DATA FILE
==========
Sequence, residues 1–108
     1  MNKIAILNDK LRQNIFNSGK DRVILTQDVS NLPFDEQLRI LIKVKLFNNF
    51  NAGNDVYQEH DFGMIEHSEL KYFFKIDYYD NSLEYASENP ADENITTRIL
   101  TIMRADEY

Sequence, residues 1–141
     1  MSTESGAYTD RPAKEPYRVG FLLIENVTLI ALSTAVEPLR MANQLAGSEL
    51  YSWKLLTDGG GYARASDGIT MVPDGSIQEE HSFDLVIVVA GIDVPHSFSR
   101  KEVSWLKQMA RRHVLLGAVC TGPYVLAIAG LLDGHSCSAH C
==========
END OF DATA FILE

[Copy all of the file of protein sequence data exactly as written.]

Sequence, residues 1–108
     1  MNKIAILNDK LRQNIFNSGK DRVILTQDVS NLPFDEQLRI LIKVKLFNNF
    51  NAGNDVYQEH DFGMIEHSEL KYFFKIDYYD NSLEYASENP ADENITTRIL
   101  TIMRADEY

Sequence, residues 1–141
     1  MSTESGAYTD RPAKEPYRVG FLLIENVTLI ALSTAVEPLR MANQLAGSEL
    51  YSWKLLTDGG GYARASDGIT MVPDGSIQEE HSFDLVIVVA GIDVPHSFSR
   101  KEVSWLKQMA RRHVLLGAVC TGPYVLAIAG LLDGHSCSAH C